“These studies could help us to reach the tipping point in the HIV epidemic,” Michael Sidibe, executive director of the United Nations AIDS program, said in a statement as the study results were announced.
“This is really a game-changer,” said Dr. Jared Baeten, a University of Washington researcher who was a leader of one of the studies.
The prevention drug is Truvada, a pill already on pharmacy shelves to treat people with HIV. It's made by Gilead Sciences Inc. of Foster City, Calif. Another Gilead drug, Viread, was also used in one of the two African studies. Earlier research with Truvada found it prevented spread of HIV to uninfected gay men.
Experts were thrilled at the first compelling evidence that AIDS medications can prevent infection between men and women. The U.S. Centers for Disease Control and Prevention, which gave advice last fall for use of the preventive drugs among gays, is now developing guidance for heterosexuals in this country.
At the same time, national and international health officials said it's far from clear how preventive use of these drugs will play out: How many people would want to take a pill each day to reduce their risk of HIV infection? Would they stick with it? Would they become more sexually reckless?
Another issue: There already is a supply problem. In Africa, 6.6 million people are now on AIDS drugs, but nine million people who are eligible for the treatment are on a waiting list, according to the World Health Organization.
In the United States, many state assistance programs that help people access AIDS medications also have waiting lists.
The first of the new studies, run by the CDC, involved more than 1,200 men and women in Botswana. About half took Truvada each day. The other half got a fake pill.
An analysis of those who were believed to be regularly taking the pills found four of those on Truvada became infected with HIV, compared to 19 on the dummy pill. That means the drug lowered the risk of infection by roughly 78 percent, researchers said.
The second study was funded by the Bill & Melinda Gates Foundation and run by the University of Washington. It involved more than 4,700 heterosexual couples in Kenya and Uganda. In each couple, one partner had HIV and the other did not. The uninfected were given either daily placebos or one of the Gilead pills — Truvada or Viread.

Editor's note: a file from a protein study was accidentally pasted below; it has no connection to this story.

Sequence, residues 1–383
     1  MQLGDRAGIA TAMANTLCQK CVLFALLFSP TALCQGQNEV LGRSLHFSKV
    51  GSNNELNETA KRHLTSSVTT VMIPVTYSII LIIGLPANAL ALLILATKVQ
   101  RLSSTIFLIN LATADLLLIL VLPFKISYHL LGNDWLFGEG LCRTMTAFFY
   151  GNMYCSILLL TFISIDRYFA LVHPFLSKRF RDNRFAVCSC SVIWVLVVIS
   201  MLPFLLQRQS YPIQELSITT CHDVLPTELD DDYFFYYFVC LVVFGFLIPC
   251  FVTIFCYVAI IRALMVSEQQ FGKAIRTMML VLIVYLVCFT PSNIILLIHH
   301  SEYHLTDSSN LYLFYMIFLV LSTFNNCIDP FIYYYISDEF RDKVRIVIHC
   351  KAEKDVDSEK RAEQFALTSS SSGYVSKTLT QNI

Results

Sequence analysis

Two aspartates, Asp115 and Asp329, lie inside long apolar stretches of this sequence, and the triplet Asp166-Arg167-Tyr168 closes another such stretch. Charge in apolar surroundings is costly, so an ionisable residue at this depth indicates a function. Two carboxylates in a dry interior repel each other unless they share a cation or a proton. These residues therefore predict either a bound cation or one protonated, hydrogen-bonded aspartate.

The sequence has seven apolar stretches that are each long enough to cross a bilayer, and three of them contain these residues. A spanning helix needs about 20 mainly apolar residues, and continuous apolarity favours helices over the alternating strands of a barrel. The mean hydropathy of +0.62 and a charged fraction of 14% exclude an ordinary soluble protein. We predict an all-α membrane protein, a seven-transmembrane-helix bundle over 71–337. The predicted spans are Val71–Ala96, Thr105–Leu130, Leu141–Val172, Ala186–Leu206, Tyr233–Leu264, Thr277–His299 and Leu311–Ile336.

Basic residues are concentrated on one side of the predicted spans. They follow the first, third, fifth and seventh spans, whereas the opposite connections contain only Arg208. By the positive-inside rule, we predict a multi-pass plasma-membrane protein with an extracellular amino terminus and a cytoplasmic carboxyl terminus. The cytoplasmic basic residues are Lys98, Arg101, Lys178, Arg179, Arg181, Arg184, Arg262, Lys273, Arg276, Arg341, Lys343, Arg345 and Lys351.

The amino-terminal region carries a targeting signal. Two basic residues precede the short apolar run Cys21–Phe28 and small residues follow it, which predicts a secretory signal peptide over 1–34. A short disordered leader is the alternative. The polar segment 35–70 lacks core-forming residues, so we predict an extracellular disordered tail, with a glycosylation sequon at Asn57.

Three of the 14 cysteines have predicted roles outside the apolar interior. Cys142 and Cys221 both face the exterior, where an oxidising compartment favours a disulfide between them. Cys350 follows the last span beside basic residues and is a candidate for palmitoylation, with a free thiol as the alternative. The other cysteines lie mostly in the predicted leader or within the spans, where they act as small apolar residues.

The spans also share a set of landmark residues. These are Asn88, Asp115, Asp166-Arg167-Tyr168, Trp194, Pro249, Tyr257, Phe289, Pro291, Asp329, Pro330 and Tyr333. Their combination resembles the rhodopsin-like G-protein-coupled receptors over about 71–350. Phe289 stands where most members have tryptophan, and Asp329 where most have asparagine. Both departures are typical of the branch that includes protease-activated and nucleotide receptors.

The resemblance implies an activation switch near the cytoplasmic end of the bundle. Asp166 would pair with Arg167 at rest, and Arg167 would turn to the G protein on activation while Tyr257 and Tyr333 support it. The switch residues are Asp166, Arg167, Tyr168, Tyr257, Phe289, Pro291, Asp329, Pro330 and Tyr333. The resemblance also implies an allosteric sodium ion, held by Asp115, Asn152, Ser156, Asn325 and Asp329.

The study found 13 HIV infections among those on Truvada, 18 in those on Viread, and 47 of those on dummy pills. So the medications reduced the risk of HIV infection by 62 percent to 73 percent, the researchers said.
“Our results provide clear evidence that this works in heterosexuals,” said Baeten, who co-chaired the study.
An independent review panel said later the benefit was clear-cut and stopped handing out placebos, instead offering the preventive drugs. Essentially, they deemed it unethical to withhold the medications from people who had been on placebo, Baeten said.
In both studies, participants also were offered counseling and free condoms, which may help explain the relatively low overall infection rate.
These are the third and fourth widely reported studies of Gilead's treatments.
The first was announced last year, involving gay men in Peru, Ecuador, Brazil, South Africa, Thailand and the United States (San Francisco and Boston). Truvada lowered the chances of infection by 44 percent — and by 73 percent or more among men who took their pills most faithfully.
Experts celebrated. The CDC advised doctors on prescribing the pill along with other prevention services for gay men, based on those encouraging results.
But momentum seemed to stall in April, when an interim analysis of a study of 3,900 women in Kenya, Tanzania and South Africa did not show a benefit from Truvada. Scientists can't explain the failure in that study but one theory is that the women did not take the pill as often as they should have, said Dr. Lynn Paxton, who has coordinated the federal agency's HIV prevention research.
Gilead Sciences is a major producer of AIDS drugs. United Nations health officials recently announced the company had agreed to allow Truvada, Viread and two other drugs to be made by generic manufacturers, potentially increasing their availability in poor countries.
AP Medical Writer Maria Cheng in London contributed to this report.